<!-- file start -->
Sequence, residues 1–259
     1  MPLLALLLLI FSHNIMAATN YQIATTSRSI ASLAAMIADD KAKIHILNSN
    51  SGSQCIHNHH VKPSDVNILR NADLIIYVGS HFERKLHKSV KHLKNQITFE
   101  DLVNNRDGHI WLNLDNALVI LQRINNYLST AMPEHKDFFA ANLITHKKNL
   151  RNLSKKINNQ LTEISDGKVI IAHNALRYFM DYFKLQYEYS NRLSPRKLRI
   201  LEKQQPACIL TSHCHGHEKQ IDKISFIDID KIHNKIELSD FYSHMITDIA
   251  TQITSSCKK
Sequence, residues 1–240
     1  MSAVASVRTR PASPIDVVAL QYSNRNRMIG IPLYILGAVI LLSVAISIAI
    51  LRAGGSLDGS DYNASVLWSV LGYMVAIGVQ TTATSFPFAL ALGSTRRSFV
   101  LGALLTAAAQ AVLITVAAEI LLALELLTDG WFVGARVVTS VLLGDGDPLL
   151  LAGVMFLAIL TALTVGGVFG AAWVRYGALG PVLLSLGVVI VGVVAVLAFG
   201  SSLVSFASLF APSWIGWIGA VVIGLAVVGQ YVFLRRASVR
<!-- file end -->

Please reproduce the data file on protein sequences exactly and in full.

Sequence, residues 1–259
     1  MPLLALLLLI FSHNIMAATN YQIATTSRSI ASLAAMIADD KAKIHILNSN
    51  SGSQCIHNHH VKPSDVNILR NADLIIYVGS HFERKLHKSV KHLKNQITFE
   101  DLVNNRDGHI WLNLDNALVI LQRINNYLST AMPEHKDFFA ANLITHKKNL
   151  RNLSKKINNQ LTEISDGKVI IAHNALRYFM DYFKLQYEYS NRLSPRKLRI
   201  LEKQQPACIL TSHCHGHEKQ IDKISFIDID KIHNKIELSD FYSHMITDIA
   251  TQITSSCKK
Sequence, residues 1–240
     1  MSAVASVRTR PASPIDVVAL QYSNRNRMIG IPLYILGAVI LLSVAISIAI
    51  LRAGGSLDGS DYNASVLWSV LGYMVAIGVQ TTATSFPFAL ALGSTRRSFV
   101  LGALLTAAAQ AVLITVAAEI LLALELLTDG WFVGARVVTS VLLGDGDPLL
   151  LAGVMFLAIL TALTVGGVFG AAWVRYGALG PVLLSLGVVI VGVVAVLAFG
   201  SSLVSFASLF APSWIGWIGA VVIGLAVVGQ YVFLRRASVR